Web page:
Sniffles stumbles over to his makeshift sink, two eyedroppers over some cup-like structure. He washes his face to try to and wake himself up and reaches for a box of cigarette paper on the wall to use as a towel. He discards it in an empty walnut shell he uses as a trash receptacle then walks over to his door to get a blast of cold air and probably search the sky for Santa. As he mumbles to himself about the need to stay awake, his posture slumps and he leans against the frame of the door for support. By now, I’m already thinking about that open flame under the coffee percolator and wondering what that will mean for Sniffles should he fall asleep, thankfully the thing whistles like a tea kettle though and Sniffles wakes up. He turns to the camera and his face is covered in white snow and he looks like…well, I could make a filthy joke right now, but this is a Sniffles cartoon!
Sniffles heads over to retrieve his coffee with a little bit of pep in his step. He tries to convince himself a thimble of coffee is just what he needs and he sits in a chair to nurse it. We pan over to the radio and a chime comes on to indicate this is the end of the broadcast day. It’s now 11:30, and the departing DJ doesn’t even wish the listeners a “Merry Christmas,” which just seems wrong. The camera then pans back over to Sniffles. The coffee is all over the floor in a puddle, he’s slumped forward in his chair barely clinging to the thimble he used as a mug, as he barely clings to semi-consciousness. Sniffles then lifts his head and turns to a magazine to keep him awake. It’s titled Good Mousekeeping, and he immediately spies another visual pun encouraging him to go sleep, this one a cartoon of a yawning baby carrying a tire with the caption “Time to Re-tire.” He then looks up from his magazine and spies his bed. It looks so inviting, but he turns his head with a frown to avoid it. Only his eyes then rest on his mirror, and the bed is reflected in it. He turns again, but now he can see the shadow of the bed on the wall!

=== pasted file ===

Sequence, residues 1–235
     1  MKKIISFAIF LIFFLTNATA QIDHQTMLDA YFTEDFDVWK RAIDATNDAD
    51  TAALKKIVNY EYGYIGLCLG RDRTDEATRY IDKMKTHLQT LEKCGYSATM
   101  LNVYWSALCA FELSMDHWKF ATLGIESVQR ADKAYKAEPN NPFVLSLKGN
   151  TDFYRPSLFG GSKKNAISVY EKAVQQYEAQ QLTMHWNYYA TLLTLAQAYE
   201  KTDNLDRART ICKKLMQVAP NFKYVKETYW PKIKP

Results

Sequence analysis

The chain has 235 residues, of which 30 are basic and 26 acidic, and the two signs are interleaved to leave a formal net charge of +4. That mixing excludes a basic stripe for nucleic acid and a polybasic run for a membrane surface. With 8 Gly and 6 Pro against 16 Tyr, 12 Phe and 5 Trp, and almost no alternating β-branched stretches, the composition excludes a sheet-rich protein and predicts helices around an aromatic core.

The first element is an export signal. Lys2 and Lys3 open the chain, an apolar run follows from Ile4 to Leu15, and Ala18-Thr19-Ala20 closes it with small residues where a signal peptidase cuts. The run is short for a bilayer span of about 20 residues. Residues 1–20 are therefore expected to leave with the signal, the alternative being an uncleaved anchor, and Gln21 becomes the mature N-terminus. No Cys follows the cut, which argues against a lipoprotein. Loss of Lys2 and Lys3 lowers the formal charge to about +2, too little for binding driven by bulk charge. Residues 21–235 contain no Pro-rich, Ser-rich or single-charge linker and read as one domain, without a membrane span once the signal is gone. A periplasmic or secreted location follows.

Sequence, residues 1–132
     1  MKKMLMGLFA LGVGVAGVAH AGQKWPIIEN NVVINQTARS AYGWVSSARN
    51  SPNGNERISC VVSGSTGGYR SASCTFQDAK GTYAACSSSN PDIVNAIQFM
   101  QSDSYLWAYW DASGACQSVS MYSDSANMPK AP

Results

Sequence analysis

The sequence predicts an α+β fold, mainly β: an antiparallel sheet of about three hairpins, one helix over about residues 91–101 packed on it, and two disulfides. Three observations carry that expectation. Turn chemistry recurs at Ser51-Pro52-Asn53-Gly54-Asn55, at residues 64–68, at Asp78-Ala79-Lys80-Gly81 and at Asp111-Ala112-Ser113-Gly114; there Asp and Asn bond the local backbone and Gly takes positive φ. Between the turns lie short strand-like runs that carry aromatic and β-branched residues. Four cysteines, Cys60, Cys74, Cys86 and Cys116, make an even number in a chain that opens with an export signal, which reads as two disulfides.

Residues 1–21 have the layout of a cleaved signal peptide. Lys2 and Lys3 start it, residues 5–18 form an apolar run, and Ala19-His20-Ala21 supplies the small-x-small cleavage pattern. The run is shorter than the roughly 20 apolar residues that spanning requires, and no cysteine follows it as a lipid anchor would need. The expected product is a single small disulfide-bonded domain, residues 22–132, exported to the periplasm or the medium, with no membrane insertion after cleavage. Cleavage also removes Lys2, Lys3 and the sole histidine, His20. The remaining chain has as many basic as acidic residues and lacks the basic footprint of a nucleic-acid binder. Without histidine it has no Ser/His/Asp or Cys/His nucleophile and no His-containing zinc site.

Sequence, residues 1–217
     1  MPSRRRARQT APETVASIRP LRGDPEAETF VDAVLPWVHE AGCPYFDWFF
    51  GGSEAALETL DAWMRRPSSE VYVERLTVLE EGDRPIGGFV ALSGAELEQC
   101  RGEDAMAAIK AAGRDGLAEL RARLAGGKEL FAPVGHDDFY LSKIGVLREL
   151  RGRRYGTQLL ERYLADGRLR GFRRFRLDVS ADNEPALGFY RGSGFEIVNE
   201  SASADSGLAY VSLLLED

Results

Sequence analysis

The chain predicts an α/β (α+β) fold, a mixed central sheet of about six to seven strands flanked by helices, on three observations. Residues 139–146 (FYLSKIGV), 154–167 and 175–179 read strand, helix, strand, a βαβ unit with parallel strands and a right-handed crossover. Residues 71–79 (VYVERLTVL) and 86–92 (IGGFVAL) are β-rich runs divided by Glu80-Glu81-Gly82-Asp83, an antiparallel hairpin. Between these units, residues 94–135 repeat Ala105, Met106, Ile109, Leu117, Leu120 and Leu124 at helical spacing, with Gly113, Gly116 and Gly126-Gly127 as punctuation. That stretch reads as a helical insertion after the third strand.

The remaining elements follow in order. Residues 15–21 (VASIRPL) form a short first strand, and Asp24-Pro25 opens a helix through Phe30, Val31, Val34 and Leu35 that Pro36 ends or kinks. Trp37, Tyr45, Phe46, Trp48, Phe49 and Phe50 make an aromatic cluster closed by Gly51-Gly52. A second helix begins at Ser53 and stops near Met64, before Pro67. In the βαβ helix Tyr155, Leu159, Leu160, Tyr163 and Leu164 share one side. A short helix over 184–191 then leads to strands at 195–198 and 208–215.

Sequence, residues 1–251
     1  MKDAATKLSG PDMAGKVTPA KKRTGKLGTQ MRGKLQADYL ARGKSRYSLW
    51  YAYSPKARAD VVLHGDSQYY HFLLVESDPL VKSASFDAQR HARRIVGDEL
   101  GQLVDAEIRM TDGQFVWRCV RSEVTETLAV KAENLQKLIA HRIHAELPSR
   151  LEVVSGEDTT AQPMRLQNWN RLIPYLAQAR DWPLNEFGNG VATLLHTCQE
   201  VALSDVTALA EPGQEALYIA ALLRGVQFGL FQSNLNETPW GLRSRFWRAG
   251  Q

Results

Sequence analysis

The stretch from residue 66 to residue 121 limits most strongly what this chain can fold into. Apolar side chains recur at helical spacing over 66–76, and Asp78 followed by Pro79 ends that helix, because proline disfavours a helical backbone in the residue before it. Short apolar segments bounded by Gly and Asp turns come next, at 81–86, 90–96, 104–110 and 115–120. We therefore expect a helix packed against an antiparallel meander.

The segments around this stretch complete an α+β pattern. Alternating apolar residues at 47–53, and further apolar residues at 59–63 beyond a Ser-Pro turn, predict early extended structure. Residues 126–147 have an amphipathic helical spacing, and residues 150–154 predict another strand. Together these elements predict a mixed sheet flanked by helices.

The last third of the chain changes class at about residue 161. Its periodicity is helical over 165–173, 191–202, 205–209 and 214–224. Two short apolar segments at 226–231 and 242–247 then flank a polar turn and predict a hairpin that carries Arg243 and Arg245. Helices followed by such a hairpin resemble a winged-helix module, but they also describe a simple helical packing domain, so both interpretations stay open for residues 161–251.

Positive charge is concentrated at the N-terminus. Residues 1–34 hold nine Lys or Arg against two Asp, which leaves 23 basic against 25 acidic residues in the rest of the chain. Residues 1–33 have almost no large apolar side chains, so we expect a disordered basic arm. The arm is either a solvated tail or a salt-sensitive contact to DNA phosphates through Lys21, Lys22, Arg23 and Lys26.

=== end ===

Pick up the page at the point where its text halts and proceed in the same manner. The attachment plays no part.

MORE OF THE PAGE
Sniffles then returns to his sink and plunges his head into the bowl of water. He can see through the side of the sink his bed once again, only now it’s inhabited by Sniffles! Now, my head cannon is Sniffles drowned himself in the sink, and the rest of the cartoon is his ghost trying to call out to his body. Sniffles lifts his head out of the sink, and the Sniffles in the bed is semi-transparent, like a ghost! It sits up and beckons for him to come to bed. Sniffles is resistant at first, but soon he starts to head that way. He starts with a couple steps, then floats across the floor as the ghost Sniffles gets out of the way allowing for tangible Sniffles to get into bed. The ghost pulls the covers over him and climbs in beside him, their bodies merging. The ghost then pops back up to blow out the candle because this mouse seems determined to start a major fire. Good thing he has ghosts looking out for him.
We then pan over to a window as “Joy to the World” returns. The sound of sleigh bells soon fill the air and we see the silhouette of Santa pass by a chunk of the moon. He has six reindeer, because eight are just too hard to draw, and the short comes to an end before he can pay old Sniffles a visit. Or pull his corpse from the sink.
And that’s all folks! A simple, little, situational Christmas cartoon starring a cute little mouse. Sniffles doesn’t really get to do or say enough in this one to become annoying, and while this cartoon is short on laughs, it’s pretty involving from an animation point of view. Jones and his staff do a terrific job of just animating the slowly deteriorating condition of Sniffles. I liked how he battled his fatigue, and I especially thought introducing the bed as an antagonist was a nice touch towards the end. The way the character frowns as he spins away from even looking at his bed is done well, though the ghost Sniffles was a little weird. I do wish we saw a little more of Santa, but I guess it would have been a challenge to try and draw a human character interacting with this miniature world crafted by the short. Even just a little gift dropping onto Sniffles’ welcome mat would have been appreciated though.
Bedtime for Sniffles, being a cartoon that stars one of the lesser Warner stars, is pretty easy to come by today. I believe it’s officially streaming on HBO Max and it’s been included on various VHS, DVD, and even Blu Ray releases over the years, most notably the Chuck Jones focused Looney Tunes Mouse Chronicles: The Chuck Jones Collection. And if you don’t think it’s worth paying for, you can find it easily enough online streaming for free in various places, though I do recommend that Blu Ray if you’re still into physical media (like I am). This is a solid, low energy, Christmas short you could sandwich in between something like Gift Wrapped and The Night Before Christmas. It’s probably no one’s favorite Christmas short, but it’s a hard one to truly dislike.